How are 3D printed tissues & scaffolds prepared and stained?

The three-dimensional (3D) printing of biological tissue is quickly becoming a vital part of tissue engineering. Advancements in 3D printing technology have facilitated the development of many new fabrication methods, enabling the production of cell-laden constructs,1-2 composite tissue,2 and scaffold-free tissue.3 These advances pave the way for the eventual printing of whole functional organs from raw materials.

Image Credit: asharkyu/Shutterstock.com

Additionally, 3D printing can be employed to produce tissue engineering scaffolds that replicate the 3D microenvironment of the native organ. For the fabrication of tissue scaffolds, 3D printing is amenable to a variety of biomaterials, including collagen, calcium phosphate,4 hydrogel,6 polycaprolactone (PCL),2,8 CaSiO3,5 hydroxyapatite,7-8 and starch-based polymers.9

This flexibility enables the fabrication of composite structures that best replicate the physiological conditions that surround the tissue, such as mechanical properties and topographical cues.10 Due to these properties, 3D-printed scaffolds can act as desirable support structures for the 3D cultivation of cells.

However, characterizing 3D printed tissue frequently requires preparatory steps that are not employed in conventional 2D tissue culture analysis. For instance, employing light microscopy methods like confocal microscopy to image through thick 3D tissue is difficult because of scattered light in biological samples. As a result, many imaging techniques are applied to tissue sections that have a thickness of less than 20 µm.11

Although innovative imaging methods report successful visualization of much thicker tissues, they are still limited to tissues that are at most several millimeters thick.11 Therefore, proper sectioning is important for the characterization of multilayer cell constructs produced by 3D printing.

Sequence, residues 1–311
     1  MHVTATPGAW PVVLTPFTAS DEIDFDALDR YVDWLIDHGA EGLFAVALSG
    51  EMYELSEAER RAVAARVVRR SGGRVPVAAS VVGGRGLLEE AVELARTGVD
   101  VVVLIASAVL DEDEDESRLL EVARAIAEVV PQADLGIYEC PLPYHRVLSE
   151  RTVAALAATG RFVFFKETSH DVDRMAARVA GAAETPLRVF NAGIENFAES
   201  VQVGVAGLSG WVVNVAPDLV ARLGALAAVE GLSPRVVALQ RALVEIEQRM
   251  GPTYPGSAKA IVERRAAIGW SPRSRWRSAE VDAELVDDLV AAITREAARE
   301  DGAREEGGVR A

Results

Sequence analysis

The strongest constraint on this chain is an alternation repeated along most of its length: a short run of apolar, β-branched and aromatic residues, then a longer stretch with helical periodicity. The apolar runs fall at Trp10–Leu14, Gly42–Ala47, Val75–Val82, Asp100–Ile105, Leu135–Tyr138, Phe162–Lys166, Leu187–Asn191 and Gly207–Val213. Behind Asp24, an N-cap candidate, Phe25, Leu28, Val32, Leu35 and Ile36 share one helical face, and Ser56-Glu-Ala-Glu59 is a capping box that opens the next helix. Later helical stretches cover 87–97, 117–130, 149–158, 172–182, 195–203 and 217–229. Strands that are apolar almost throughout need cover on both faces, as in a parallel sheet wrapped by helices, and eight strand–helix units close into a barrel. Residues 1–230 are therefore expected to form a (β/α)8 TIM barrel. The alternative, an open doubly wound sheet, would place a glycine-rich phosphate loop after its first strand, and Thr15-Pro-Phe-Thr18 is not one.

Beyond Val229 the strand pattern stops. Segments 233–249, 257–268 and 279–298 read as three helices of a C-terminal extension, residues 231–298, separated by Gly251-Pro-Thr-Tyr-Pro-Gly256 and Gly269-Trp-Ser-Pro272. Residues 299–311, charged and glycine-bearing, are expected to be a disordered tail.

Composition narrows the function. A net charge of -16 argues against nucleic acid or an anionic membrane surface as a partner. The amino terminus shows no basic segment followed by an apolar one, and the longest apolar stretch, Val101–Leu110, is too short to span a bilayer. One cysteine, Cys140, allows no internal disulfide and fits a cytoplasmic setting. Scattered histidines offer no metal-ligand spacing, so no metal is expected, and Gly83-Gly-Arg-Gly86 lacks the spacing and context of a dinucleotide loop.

Biological stains should be carefully chosen to extract the most relevant information about the printed tissue, including cell viability and maturation. For example, determining the cell viability in the inner core of a 3D printed construct is crucial as these cells can have a higher likelihood of necrosis caused by insufficient nutrient exchange.12

This article discusses the processing and staining approaches for the evaluation of 3D-printed tissues and scaffolds.

Confirming material compatibility with cells of interest

Before fine-tuning a 3D printing method for biological use, it is important to check that the material works well with the specific cells, allowing them to stick to it and grow. This can be done by testing cell survival and growth on the material before printing.

Preparing 3D printed tissues/scaffold for light microscopy

Once a cellular construct has been successfully printed or grown on a scaffold, a chemical fixative (detailed in Table 1) is applied before any embedding or sectioning takes place. This is to prevent any change or loss of cellular components during processing.

Alternatively, tissue can be frozen and cryo-sectioned if chemical fixation is not desired.

Although the utilization of formalin solution is common in tissue fixation,13 the choice of fixative is highly dependent on the tissue’s specific properties as well as the purpose of the study.

Factors that can influence fixation include the mechanism of the fixative (e.g., denaturation or crosslinking) 13 and the condition of the fixation procedure (e.g., duration of tissue exposure to fixative and temperature).13-14